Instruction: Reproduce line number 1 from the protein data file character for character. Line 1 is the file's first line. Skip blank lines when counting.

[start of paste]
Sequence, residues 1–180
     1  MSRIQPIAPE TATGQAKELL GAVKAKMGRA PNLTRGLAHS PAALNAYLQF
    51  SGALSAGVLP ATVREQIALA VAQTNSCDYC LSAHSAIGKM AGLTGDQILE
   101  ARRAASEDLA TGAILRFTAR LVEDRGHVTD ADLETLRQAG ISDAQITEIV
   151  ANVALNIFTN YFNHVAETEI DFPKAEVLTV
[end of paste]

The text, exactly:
Sequence, residues 1–180